At the start of the pandemic, many thought people staying at home more often (and getting a lot closer than six feet apart) would lead to a huge baby boom. Now experts say it’s looking more like a baby bust.
What you need to know: Preliminary reports show steep declines in birth rates across the US over the past year. And a Brookings Institute report estimated there could be another 300,000 fewer births this year compared to 2020.
Your move: Fewer babies means you might get to spend less on shower gifts. But low birth rates can affect your wallet in other ways, too. Here's what you need to know:
You might need to invest more for retirement. A declining birth rate means eventually there’ll be fewer workers to pay the taxes that fund public programs like Medicare and Social Security (which is already having financial problems). That means your tax rate could go up. Or Social Security benefits could change. Investing as much as you can for your future can help you maintain the life you want in retirement – no matter how much money the gov can afford to give you.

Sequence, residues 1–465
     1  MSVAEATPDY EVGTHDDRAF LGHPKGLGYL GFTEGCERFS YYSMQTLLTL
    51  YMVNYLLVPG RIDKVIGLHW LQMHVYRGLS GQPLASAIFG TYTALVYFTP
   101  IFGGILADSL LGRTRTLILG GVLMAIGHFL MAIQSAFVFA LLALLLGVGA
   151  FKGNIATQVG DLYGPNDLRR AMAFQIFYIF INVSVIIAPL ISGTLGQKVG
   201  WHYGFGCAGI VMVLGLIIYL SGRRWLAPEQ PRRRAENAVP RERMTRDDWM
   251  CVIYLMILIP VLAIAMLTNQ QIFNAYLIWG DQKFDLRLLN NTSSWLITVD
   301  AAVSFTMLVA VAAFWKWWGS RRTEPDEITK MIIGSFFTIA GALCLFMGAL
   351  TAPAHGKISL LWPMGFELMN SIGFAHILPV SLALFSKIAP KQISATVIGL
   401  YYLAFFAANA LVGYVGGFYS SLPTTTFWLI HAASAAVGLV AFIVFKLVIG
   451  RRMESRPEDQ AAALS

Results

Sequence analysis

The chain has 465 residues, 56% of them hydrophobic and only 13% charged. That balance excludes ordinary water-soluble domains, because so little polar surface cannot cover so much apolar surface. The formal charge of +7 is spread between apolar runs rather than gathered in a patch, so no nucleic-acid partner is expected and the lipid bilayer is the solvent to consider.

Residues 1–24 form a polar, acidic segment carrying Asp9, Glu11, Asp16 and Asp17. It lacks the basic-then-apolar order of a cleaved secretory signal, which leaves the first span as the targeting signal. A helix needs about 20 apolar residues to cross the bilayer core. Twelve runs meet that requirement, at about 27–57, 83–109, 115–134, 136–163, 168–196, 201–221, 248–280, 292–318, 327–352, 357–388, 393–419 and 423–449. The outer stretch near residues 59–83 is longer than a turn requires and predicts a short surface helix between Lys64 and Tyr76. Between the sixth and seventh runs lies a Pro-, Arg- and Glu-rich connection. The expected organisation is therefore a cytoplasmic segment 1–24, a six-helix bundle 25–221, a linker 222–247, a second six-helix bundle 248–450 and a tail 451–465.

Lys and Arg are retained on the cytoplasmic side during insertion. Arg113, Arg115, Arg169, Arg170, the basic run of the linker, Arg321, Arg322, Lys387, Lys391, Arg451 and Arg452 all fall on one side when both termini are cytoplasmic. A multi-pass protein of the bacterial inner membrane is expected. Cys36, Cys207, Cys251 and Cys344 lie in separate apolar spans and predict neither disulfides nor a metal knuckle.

You could pay more for baby products. Companies that make baby supplies, car seats, and toys are already feeling the blow. To help curb losses, some – like Pampers and Huggies – have started developing alternative products (think: plant-based diapers and ones that fit like pants) to justify higher prices. If you're adding a tiny plus-one to your fam, make sure to factor these potential higher costs into your new-parent budget.
We may see more recessions. More workers generally = a bigger economy. And vice versa. Meaning that steadily declining birth rates could be an indication of future economic trouble. A few ways to recession-proof your money: feed your emergency savings account, pay off debt, and live within your means.
Babies are expensive. Turns out, Americans not having babies could cost you money, too. Working on your savings — the kind you can use in the short term and to live off of in retirement — is a good defense. No matter what happens next.
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Skimm'd by: Ivana Pino, Stacy Rapacon, and Elyse Steinhaus